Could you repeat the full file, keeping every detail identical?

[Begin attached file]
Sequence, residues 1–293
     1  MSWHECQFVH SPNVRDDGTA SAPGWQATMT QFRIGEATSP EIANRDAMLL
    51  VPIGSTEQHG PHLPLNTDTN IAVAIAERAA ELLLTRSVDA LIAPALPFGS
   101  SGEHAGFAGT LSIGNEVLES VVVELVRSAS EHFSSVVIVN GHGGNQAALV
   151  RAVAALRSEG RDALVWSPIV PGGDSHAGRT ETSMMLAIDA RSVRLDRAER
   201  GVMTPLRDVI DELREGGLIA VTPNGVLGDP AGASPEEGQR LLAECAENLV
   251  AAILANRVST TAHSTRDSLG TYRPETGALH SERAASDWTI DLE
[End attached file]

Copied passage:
Sequence, residues 1–293
     1  MSWHECQFVH SPNVRDDGTA SAPGWQATMT QFRIGEATSP EIANRDAMLL
    51  VPIGSTEQHG PHLPLNTDTN IAVAIAERAA ELLLTRSVDA LIAPALPFGS
   101  SGEHAGFAGT LSIGNEVLES VVVELVRSAS EHFSSVVIVN GHGGNQAALV
   151  RAVAALRSEG RDALVWSPIV PGGDSHAGRT ETSMMLAIDA RSVRLDRAER
   201  GVMTPLRDVI DELREGGLIA VTPNGVLGDP AGASPEEGQR LLAECAENLV
   251  AAILANRVST TAHSTRDSLG TYRPETGALH SERAASDWTI DLE